The Mayo Clinic recommends 400 international units or I.U.’s daily for children up to one year old, 600 I.U’s for those from one to 70 years of age and 800 I.U’s for folks over 70.

Stem Cell Transplant Helps Some With MS

By Health Day – Re-Blogged From Newsmax Health

A stem cell transplant may help some people with multiple sclerosis when standard drugs fail, a new clinical trial finds.

The study focused on 110 patients with aggressive cases of MS: Their symptoms had flared up at least twice in the past year despite taking standard medication, and they’d already tried an average of three of those drugs.

Researchers randomly assigned the patients to either keep trying other medications or have a stem cell transplant — using cells taken from their own blood.

Over an average of three years, MS progressed in 34 of 55 patients on medication — meaning their disabilities worsened. That compared with only three of 55 patients given a stem cell transplant.

Experimental Diabetes Drug

By Health Day – Re-Blogged From Newsmax Health

An experimental drug may help people with type 2 diabetes curb their blood sugar without causing it to drop to dangerously low levels.

Researchers found that the compound — dubbed TTP399 for now — improved patients’ blood sugar control when it was added to the standard medication metformin for six months. And it did so without causing hypoglycemia — blood sugar drops that, if severe, can lead to convulsions or loss of consciousness.

The findings, published Jan. 16 in the journal Science Translational Medicine, come from an earlier Phase 2 trial. And more research is needed before TTP399 can be added to existing armaments against type 2 diabetes, said senior researcher Carmen Valcarce.

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Gold Surges On Stock Selloff

By Adam Hamilton – Re-Blogged From Gold Eagle

Gold investment demand reversed sharply higher in recent months, fueling a strong gold rally.  The big stock-market selloff rekindled interest in prudently diversifying stock-heavy portfolios with counter-moving gold.  These mounting investment-capital inflows into gold are likely to persist and intensify.  Both weaker stock markets and higher gold prices will continue to drive more investment demand, growing gold’s upleg.

Early in Q4’18, gold reached a major inflection point.  It languished during the first three quarters of 2018, down 8.5% year-to-date by the end of Q3.  Investors wanted nothing to do with alternative investments with the stock markets powering to new record highs.  The flagship S&P 500 broad-market stock index (SPX) had rallied 9.0% in the first 3/4ths of last year.  That left gold deeply out of favor heading into Q4.

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Dem Lawmakers Push for $15 Minimum Wage Will Have Disastrous Consequences

By Rachel Greszler – Re-Blogged From Blabber Buzz

House Democrats are looking to double the minimum wage, with little eye to the consequences.

Led by Virginia Democrat Bobby Scott, House Democrats introduced the Raise the Wage Act, which would more than double the federal minimum wage from $7.25 to $15 per hour by the year 2024.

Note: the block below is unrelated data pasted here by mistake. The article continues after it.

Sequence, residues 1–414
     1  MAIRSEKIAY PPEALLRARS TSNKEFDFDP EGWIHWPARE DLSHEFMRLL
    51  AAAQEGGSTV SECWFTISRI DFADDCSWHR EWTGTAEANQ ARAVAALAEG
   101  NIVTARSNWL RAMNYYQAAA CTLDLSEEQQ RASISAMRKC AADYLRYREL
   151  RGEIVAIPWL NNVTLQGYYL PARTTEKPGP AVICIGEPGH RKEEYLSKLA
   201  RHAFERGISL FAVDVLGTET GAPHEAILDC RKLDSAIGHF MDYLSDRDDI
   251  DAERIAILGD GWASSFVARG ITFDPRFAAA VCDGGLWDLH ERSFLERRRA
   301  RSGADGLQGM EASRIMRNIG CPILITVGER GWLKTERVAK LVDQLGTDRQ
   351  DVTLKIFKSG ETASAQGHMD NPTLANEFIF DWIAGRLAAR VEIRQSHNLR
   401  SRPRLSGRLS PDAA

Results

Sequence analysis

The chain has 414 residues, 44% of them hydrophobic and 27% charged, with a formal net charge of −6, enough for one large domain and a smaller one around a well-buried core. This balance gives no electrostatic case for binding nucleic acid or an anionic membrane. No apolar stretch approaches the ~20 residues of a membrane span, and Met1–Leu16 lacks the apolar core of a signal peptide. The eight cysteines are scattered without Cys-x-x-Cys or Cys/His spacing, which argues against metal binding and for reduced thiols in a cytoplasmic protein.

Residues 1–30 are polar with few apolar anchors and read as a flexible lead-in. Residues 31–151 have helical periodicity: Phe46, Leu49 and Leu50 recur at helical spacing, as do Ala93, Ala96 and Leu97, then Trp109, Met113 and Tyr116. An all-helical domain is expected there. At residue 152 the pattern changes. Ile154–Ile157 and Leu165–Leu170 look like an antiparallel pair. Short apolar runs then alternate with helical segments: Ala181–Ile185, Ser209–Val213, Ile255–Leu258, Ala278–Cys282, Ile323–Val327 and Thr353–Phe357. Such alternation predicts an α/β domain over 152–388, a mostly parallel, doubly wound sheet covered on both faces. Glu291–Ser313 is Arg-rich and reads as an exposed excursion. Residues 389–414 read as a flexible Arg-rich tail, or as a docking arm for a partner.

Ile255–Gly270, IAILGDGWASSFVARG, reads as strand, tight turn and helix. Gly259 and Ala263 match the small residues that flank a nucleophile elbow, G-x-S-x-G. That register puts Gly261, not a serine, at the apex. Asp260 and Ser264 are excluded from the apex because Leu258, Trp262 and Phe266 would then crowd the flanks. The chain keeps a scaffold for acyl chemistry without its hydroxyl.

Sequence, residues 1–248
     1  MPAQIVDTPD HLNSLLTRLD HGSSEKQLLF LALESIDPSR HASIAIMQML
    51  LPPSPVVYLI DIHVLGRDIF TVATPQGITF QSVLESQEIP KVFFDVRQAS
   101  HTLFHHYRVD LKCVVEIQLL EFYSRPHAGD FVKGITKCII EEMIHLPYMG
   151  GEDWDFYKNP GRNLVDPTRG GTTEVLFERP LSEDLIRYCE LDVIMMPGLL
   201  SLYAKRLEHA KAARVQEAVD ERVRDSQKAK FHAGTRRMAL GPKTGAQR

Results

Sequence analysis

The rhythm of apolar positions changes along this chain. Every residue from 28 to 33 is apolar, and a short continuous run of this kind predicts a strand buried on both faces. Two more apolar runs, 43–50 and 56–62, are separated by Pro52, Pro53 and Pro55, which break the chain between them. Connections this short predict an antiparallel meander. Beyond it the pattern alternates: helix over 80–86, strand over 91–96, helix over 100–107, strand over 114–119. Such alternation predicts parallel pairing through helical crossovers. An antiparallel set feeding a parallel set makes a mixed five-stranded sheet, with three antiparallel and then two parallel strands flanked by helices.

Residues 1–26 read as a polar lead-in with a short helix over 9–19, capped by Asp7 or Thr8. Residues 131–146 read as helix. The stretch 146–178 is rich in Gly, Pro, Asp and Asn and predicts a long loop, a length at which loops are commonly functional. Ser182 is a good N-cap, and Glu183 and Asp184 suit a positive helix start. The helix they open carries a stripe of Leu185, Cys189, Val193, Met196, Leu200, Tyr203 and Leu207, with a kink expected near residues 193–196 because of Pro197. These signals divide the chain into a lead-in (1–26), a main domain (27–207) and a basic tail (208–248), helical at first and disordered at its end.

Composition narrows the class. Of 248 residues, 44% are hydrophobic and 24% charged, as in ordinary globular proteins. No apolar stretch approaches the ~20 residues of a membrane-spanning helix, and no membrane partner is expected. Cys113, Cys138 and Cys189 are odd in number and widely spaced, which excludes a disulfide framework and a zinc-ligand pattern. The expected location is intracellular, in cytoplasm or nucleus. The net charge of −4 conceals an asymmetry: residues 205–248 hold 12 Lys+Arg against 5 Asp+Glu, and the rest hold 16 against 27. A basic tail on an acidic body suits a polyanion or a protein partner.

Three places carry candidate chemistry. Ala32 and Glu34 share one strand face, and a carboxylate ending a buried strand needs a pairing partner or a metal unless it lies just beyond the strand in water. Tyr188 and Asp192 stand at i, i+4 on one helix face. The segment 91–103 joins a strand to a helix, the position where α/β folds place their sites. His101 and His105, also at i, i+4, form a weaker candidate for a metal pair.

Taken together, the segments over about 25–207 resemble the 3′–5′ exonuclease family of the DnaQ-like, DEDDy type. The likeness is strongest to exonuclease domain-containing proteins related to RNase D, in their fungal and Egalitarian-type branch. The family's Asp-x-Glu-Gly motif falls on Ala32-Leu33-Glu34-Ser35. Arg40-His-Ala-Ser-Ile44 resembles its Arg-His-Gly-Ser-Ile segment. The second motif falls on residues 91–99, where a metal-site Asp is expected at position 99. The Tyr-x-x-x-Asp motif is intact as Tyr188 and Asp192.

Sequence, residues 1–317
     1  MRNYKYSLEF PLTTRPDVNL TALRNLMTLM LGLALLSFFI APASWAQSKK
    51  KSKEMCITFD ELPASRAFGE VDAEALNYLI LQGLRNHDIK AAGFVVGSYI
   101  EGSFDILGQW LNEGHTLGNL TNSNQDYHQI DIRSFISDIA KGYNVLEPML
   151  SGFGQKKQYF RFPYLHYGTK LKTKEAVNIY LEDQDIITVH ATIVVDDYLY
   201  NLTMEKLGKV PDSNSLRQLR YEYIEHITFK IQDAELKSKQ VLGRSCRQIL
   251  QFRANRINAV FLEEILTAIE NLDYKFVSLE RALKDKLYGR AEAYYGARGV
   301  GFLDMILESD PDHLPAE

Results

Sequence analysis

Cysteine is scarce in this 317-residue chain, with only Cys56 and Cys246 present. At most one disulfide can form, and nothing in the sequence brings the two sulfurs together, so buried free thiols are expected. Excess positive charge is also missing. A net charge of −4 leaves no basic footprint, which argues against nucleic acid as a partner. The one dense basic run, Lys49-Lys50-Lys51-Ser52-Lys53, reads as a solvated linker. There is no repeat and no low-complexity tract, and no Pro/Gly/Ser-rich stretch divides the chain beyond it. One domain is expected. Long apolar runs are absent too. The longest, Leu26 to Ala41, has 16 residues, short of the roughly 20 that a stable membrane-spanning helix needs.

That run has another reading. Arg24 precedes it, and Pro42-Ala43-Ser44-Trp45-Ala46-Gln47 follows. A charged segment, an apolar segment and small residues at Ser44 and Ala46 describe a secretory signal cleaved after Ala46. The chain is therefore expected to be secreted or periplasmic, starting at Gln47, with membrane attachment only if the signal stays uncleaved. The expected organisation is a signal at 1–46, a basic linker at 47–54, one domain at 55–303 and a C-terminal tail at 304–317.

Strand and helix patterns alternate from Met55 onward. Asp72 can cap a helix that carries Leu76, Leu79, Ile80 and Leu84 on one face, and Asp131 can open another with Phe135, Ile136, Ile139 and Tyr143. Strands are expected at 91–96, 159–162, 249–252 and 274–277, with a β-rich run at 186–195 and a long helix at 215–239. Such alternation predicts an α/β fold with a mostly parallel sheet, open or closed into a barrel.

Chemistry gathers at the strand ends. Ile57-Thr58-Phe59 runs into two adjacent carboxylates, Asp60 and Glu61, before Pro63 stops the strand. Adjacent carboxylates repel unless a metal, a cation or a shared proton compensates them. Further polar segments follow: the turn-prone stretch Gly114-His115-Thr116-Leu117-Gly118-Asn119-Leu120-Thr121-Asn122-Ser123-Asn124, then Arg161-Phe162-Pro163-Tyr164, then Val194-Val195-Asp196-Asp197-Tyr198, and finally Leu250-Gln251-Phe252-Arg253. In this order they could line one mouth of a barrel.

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Elizabeth Warren Mulling Tax on Wealthy Americans

By Jason Devaney – Re-Blogged From Newsmax

Sen. Elizabeth Warren, D-Mass., appears to be borrowing an idea from a new member of the opposite chamber by considering a wealth tax on the richest Americans.

According to The Washington Post, economists working with Warren — who recently formed an exploratory committee to look into running for president in next year’s election — are working on the plan with her.

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Wyoming Legislators Want State to De-Risk Investments by Holding Gold and Silver

Re-Blogged From Money Metals Exchange

A group of Wyoming legislators have introduced three bills this week to de-risk the state’s financial holdings with modest allocations to physical gold and silver in the state’s pension fund, reserve fund, and mineral trust fund.

Introduced by Representative Roy Edwards (R-Gillette) and co-sponsored by 15 others, the Wyoming Sound Money Trust Act (HB 174) empowers the State Treasurer to hold at least 10% of the Permanent Wyoming Mineral Trust Fund in the monetary metals in a depository in or near the state of Wyoming.

The Permanent Wyoming Mineral Trust Fund is the state’s oldest and most well-funded permanent fund with over $8 billion in assets.

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US Government Debt Bomb Much Higher Than Americans Realize

By SRSrocco – Re-Blogged From Silver Phoenix

The U.S. Federal debt bomb continues to increase, even with the government shut down.  In just one day, the U.S. public debt increased $50 billion on Jan 15th.  While the total outstanding Federal debt has now reached nearly $22 trillion, it doesn’t include all U.S. government debt.

That’s correct… there’s a lot more debt than Americans realize sitting on the balance sheet of the U.S. Government.  For example, there are other obligations such as U.S Government Agency Debt that isn’t well-known.  According to the USGovernmentSpending.com website, U.S. Agency debt is the amount of outstanding debt issued by federal agencies (such as FHLB and GNMA) and government-sponsored enterprises (such as Fannie Mae and Freddie Mac).  The amount of U.S. Agency debt